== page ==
This reduces the opposition parties' ability to change things to a nuclear option - passing a motion of no confidence in the First Minister and removing him from office. This has already happened once before, of course. In February 2000 Rhodri Morgan came to power after his predecessor Alun Michael was voted out by the combined opposition parties. At that time Labour had just 28 seats against the opposition's 32.
In recent months there has been much speculation about Rhodri Morgan facing a similar challenge. Before his illness Peter Law had not stated explicitly how he would vote if a motion of no confidence were put in Mr Morgan, although he has made no secret that he holds the First Minister's leadership skills in low esteem.
Last October he told the Western Mail, 'There is no evidence of any strategy in the way Rhodri carries on. We seem to stagger from one issue to another with nothing being planned. There are some policies that have been good - free prescriptions are a positive benefit and free bus travel for pensioners is too, although that was actually in the planning stage before the Assembly came along. But overall there isn't much of what could be called a radical agenda.'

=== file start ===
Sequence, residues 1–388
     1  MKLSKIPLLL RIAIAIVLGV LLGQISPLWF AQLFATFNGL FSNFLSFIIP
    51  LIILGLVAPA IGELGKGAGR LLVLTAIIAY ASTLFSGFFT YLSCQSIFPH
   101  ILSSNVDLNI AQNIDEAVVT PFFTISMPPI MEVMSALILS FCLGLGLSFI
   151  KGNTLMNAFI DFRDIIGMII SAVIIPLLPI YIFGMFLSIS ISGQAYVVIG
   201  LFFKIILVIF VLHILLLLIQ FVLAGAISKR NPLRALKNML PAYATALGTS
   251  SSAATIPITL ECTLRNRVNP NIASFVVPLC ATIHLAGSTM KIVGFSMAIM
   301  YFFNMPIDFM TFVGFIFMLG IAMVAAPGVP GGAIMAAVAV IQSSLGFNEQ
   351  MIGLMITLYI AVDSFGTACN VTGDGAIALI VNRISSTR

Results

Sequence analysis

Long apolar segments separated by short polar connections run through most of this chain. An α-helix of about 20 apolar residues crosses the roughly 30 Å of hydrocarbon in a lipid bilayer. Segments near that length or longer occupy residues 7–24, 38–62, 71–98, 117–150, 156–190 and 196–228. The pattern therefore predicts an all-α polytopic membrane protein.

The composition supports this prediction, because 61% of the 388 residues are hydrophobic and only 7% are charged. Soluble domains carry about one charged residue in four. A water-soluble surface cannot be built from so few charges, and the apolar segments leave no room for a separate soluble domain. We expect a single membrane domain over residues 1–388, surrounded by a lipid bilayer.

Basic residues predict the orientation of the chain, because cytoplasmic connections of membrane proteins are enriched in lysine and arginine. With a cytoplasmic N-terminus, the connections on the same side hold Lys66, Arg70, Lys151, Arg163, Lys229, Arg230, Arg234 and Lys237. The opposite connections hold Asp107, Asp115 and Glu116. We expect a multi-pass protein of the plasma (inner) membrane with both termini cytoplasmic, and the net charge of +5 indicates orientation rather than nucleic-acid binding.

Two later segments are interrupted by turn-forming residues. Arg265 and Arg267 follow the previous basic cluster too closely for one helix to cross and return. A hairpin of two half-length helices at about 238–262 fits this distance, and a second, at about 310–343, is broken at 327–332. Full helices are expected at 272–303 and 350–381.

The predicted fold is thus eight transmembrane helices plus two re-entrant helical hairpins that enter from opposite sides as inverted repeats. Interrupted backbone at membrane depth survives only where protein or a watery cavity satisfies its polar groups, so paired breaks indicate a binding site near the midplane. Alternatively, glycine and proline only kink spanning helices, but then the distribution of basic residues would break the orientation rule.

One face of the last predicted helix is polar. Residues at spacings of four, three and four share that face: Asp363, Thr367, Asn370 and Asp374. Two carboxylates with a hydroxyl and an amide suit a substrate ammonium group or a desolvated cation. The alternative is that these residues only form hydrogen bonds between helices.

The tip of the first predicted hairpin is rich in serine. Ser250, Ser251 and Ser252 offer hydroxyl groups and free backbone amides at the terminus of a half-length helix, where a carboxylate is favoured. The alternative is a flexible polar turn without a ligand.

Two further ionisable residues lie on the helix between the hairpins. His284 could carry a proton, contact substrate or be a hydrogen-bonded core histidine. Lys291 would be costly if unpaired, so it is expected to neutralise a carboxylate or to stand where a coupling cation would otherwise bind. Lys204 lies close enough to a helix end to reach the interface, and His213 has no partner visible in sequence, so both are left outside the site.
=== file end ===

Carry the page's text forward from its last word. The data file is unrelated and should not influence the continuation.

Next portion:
He suggested Mr Morgan should quit as First Minister in 2006, when there will be an opportunity for a leadership election, and added, 'Five years ago Rhodri Morgan was a folk hero. The problem is that he has ridden into the castle, pulled up the drawbridge and is now a baron.'
When he spoke to us shortly before being taken ill, Mr Law was, if anything, even more disparaging about Mr Morgan.
Clearly the first thought of everyone at the Assembly will be to wish Peter Law a speedy recovery.
But yesterday's dramatic events are likely to provide Labour with only a temporary respite. Nothing will happen before the general election, but there is little doubt that discussion will continue about the possibility of an alternative administration, either before the summer recess or after the next Assembly elections in 2007. Headaches one of the most common symptoms: The earliest and most common symptoms of a brain tumour are headaches.
They are usually caused by a rise in pressure as the tumour grows. A pressure headache may be most severe in the mornings, and can occasionally wake the sufferer.
Some symptoms are caused by tumours in particular areas of the brain and may change a person's personality and intellect. They can also affect balance, smell, vision and speech among other functions.
Some brain tumours do not need surgery although most do, whether that is with a biopsy to find out what sort of tumour it is or full surgery to remove it.
If the cancer has spread to a secondary tumour, radiotherapy is usually used to treat the tumour and prolong the sufferer's life.
The length of time it takes for people to recover from a tumour, if it has been successfully treated, can depend on the person. Certain brain tumours are benign, others are malignant and may spread to other parts of the brain and body.